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Afghan officials defend crisis-stricken Kabul Bank

Afghan men wait to withdraw money from the Kabul Bank in Kabul on Thursday.
Afghan men wait to withdraw money from the Kabul Bank in Kabul on Thursday.
STORY HIGHLIGHTS
  • Central Bank governor: Corruption allegations "wrong and baseless"
  • Customers queuing outside Kabul Bank branches to withdraw money
  • Central Bank says CEO, chairman quit because of new banking rules
  • U.S. media reports claim bank's losses exceed its holding assets
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(CNN) -- The Central Bank of Afghanistan has said it won't allow the country's biggest private financial institution to collapse in the wake of U.S. media allegations of corruption and heavy losses.

Kabul Bank's two most senior executives, chairman Sherkhan Farnood and chief executive Khalilullah Fruzi, resigned on Monday, with Masoud Ghazi, a former senior Central Bank official, taking over the latter role.

Customers have been queuing outside branches in recent days amid fears for the bank's future, but many have been unable to withdraw their money, CNN Correspondent Atia Abawi said.

"Many people are saying that this is another sign of the corruption that has taken place in Afghanistan. For the Afghans themselves this is another sign of the people in power not taking care of their money," Abawi said.

But Central Bank Governor Abdul Qadir Fitrat said corruption and money-laundering allegations reported by the New York Times, the Washington Post and the Wall Street Journal, were "wrong and baseless."

At a press conference Wednesday, Fitrat said the resignations of Farnood and Fruzi had been instigated by the bank to conform with new rules banning shareholders from holding senior operating positions.

"Reforms will follow in other banks should their shareholders continue holding CEO positions," he told journalists. "The Kabul Bank took the initiative and decided voluntarily to reform their leadership and took Mr. Massoud Ghazi as their CEO. The appointment of Masoud Ghazi has been an initiative by the Kabul Bank."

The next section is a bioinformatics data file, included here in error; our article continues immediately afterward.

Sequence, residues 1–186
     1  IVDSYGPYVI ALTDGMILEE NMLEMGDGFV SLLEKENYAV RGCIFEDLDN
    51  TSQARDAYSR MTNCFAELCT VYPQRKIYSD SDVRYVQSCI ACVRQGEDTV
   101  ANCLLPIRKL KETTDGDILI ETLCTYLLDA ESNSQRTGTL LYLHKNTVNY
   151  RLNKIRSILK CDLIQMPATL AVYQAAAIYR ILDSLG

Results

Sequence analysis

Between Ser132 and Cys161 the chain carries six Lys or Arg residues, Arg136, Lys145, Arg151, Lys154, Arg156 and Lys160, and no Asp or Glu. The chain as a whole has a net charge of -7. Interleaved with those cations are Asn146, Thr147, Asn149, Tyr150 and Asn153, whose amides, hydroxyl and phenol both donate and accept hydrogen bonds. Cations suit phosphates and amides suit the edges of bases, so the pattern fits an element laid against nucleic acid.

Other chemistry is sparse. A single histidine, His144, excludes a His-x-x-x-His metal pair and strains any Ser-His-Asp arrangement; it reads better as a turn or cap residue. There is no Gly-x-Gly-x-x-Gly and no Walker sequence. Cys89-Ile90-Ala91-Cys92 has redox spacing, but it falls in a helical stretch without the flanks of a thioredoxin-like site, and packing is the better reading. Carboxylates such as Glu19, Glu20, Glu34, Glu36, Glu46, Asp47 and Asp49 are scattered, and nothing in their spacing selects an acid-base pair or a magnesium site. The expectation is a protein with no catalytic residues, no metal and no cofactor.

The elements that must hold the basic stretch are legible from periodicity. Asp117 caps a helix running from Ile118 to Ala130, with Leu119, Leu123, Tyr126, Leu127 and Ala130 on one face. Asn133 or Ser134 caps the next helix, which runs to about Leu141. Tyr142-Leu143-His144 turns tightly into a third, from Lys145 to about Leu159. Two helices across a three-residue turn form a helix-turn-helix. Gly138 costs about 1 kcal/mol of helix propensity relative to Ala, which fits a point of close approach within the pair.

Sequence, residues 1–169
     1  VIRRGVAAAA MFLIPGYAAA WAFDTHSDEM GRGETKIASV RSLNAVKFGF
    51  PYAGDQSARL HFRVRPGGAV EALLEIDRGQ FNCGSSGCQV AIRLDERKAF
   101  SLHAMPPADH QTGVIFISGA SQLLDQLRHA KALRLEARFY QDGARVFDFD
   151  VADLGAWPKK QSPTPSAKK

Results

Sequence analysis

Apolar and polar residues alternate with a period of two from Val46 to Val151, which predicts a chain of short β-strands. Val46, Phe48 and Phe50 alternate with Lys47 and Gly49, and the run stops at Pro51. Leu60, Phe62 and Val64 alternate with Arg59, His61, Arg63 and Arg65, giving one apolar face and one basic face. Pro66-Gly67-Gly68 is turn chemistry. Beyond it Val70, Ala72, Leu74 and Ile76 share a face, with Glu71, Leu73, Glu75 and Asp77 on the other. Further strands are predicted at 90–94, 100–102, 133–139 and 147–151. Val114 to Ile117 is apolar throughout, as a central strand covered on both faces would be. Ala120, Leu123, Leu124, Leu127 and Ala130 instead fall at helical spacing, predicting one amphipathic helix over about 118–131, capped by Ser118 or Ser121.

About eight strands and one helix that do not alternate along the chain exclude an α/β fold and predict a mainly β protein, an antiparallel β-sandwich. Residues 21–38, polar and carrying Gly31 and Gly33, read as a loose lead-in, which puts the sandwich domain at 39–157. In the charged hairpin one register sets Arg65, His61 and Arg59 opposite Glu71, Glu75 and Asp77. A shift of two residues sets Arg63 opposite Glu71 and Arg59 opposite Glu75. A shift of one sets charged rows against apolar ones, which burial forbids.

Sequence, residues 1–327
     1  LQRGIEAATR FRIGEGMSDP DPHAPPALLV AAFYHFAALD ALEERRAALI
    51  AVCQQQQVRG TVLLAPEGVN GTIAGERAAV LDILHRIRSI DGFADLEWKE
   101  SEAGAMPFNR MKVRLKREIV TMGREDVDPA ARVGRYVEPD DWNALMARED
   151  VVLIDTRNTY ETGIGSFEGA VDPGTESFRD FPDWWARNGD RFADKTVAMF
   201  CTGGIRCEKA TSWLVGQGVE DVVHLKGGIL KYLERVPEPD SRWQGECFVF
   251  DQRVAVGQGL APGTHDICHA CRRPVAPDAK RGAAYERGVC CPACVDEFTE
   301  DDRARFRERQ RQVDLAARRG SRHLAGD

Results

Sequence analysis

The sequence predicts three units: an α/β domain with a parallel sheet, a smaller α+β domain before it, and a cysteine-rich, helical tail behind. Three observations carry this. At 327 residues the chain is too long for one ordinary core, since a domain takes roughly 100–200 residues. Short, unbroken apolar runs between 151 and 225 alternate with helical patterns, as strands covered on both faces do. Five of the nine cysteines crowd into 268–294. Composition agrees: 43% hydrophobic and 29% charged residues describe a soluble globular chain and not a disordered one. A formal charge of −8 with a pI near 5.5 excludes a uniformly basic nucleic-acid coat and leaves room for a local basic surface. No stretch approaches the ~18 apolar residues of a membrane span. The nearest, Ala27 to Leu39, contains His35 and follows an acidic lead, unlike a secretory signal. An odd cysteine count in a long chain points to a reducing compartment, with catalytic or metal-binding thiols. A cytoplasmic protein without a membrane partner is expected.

Farnood also dismissed allegations of an argument between executives and Central Bank officials and said Kabul Bank had been looking for a new CEO for two months.

Ghazi had been offered a monthly salary of $15,000, he said. "We referred him to the Central Bank for approval (and) he was approved."

The New York Times on Tuesday quoted a senior Afghan banking official saying that reported losses at Kabul Bank could be "catastrophic" for the country's financial system.

The newspaper said speculation on property in the Gulf emirate of Dubai had resulted in estimated losses in excess of $300 million, with the bank holding assets worth only $120 million.

Kabul Bank handles salary payments for thousands of Afghan soldiers, police and public workers and is reported to hold up to $1 billion in deposits belonging to Afghan citizens.

It has 68 branches covering 34 provinces, including 28 branches in Kabul, according to the bank's website. Mahmoud Karzai, the brother of Afghan President Hamid Karzai, owns a seven percent stake in the bank.

CNN's Atia Abawi and journalist Ahmed Buhari contributed to this report.